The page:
With the recent riots across London and other UK cities still fresh in our minds, it is clear that businesses need to be prepared for the unexpected and to ensure their business is able to withstand any eventuality. It is times like these that you make you re-evaluate your disaster recover and business continuity practices.
Disaster recovery and business continuity are two of the agenda items that sit beneath governance, risk and compliance. They are part of the strategic framework, and as such are the responsibility of an organisation’s senior management. Therefore, there must be absolute confidence in the reliability of the technology and manual processes that create back-ups.
In the first instance, it is important to identify how long can the business afford to be down (recovery time objectives) and how much can the business afford to lose? (recovery point objectives)
Many organisations are engaged in critical business areas; medical or financial for instance. It would be impossible for them to tolerate even very short RTO or RPOs. The requirement here is for continual availability and access. People’s livelihoods, or worse, could depend on it.
This high availability can either be provisioned by storage area network (SAN) solutions, the complete duplication of infrastructure or variations on these principles. Most modern businesses can tolerate short term RTO / RPOs, and are said to have a near-high availability requirement.
This is where continual data protection (CDP) comes into play and is considered the new benchmark standard for data back-up.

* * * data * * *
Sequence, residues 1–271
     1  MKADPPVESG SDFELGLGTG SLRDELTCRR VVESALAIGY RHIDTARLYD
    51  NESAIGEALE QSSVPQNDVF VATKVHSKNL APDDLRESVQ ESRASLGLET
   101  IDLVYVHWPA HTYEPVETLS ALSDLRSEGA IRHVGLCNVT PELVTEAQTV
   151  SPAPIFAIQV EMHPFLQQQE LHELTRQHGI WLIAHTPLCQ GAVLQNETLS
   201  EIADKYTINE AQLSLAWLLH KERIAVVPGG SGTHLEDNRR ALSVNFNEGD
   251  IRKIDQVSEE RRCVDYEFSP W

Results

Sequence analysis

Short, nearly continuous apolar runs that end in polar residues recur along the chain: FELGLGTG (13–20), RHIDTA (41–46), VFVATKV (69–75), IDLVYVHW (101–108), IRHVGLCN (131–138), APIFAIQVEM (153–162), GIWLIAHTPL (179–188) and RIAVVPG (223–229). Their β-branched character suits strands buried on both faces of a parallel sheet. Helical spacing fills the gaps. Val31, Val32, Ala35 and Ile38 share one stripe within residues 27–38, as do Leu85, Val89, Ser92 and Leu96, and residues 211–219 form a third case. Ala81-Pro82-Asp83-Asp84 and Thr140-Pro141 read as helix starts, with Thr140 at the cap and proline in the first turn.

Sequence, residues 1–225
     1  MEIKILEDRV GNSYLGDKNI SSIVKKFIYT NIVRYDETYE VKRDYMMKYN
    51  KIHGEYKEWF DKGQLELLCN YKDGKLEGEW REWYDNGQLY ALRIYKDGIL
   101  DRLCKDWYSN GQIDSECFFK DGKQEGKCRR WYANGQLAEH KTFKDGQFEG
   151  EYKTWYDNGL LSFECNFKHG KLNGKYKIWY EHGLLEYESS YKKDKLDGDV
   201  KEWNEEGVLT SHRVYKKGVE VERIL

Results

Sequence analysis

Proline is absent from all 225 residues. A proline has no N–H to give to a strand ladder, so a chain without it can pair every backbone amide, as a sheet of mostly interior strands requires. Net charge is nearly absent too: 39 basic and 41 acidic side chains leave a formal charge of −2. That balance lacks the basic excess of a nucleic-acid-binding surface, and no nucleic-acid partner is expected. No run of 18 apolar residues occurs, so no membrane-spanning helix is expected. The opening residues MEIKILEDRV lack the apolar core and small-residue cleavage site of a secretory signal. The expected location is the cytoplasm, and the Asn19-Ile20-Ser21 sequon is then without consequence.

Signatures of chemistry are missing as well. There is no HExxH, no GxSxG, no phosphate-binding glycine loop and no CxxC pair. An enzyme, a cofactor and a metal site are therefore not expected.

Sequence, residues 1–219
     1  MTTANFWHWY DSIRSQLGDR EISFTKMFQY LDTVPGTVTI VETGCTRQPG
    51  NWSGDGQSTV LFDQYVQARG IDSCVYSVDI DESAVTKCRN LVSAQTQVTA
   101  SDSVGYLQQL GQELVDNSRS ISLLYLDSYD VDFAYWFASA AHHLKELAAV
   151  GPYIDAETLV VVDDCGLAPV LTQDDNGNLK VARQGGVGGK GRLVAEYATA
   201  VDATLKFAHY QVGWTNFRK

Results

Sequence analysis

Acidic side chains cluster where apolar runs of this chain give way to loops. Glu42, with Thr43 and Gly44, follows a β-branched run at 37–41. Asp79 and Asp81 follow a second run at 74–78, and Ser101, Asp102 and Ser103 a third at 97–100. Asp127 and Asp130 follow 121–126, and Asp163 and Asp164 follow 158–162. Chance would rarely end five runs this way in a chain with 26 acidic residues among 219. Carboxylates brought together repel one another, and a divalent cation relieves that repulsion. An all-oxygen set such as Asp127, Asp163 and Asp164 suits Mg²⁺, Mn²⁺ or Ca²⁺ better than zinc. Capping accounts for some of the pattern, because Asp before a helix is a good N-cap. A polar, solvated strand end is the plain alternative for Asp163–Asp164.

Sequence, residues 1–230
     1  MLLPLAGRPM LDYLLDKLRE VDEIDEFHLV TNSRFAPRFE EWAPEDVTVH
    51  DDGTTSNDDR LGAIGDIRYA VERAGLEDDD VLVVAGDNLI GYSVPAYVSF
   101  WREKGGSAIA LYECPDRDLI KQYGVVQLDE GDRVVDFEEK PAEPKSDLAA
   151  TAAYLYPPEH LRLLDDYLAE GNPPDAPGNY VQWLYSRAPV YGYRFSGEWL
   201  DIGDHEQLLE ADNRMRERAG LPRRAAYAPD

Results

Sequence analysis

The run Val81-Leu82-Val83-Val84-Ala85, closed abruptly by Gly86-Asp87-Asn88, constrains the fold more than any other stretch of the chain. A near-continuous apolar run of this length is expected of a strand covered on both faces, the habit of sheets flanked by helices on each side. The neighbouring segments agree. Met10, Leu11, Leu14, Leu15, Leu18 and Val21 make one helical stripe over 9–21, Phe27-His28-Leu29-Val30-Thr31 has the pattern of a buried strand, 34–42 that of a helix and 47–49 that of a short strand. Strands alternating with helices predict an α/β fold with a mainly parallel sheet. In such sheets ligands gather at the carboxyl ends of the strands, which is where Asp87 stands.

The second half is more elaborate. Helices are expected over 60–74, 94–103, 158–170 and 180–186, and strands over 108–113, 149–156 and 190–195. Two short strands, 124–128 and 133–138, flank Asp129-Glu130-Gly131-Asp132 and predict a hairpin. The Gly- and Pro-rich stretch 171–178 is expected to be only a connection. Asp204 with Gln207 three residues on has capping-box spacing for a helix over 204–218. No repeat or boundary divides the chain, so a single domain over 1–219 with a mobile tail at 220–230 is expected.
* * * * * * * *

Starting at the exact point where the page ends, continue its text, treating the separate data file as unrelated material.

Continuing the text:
Under the CDP model, data is continually mirrored from an organisation’s servers. Best of breed CDP systems integrate with a wide spectrum of database, messaging, and file systems. This places active applications in a stable state so they can be backed up with complete transactional and point-in-time integrity - e.g. as a ‘snapshot’. As a result, all essential information can be recovered very quickly, without the need for lengthy verification processes.
Changes to the mirrored copy are continually logged allowing a rapid recovery to any point in time, effectively enabling a ‘roll-back’ to the most relevant image and providing the shortest time to the continuation of business.
Locating, copying or replicating data to remote sites is the best way forward to ensure data cannot be destroyed by the loss of a place of business, which is for example where tape back-up fails. Virtualisation uses this principle and combined with CPD represents the optimal balance between the cost of the solution, the management of risk and the speed of DR.
This ultimately meets the DR requirements of the vast majority of organisations and allows them to enjoy not only near-high availability but also the competitive advantage this offers to their business.
Simon Kelson is MD of Atlanta Technology.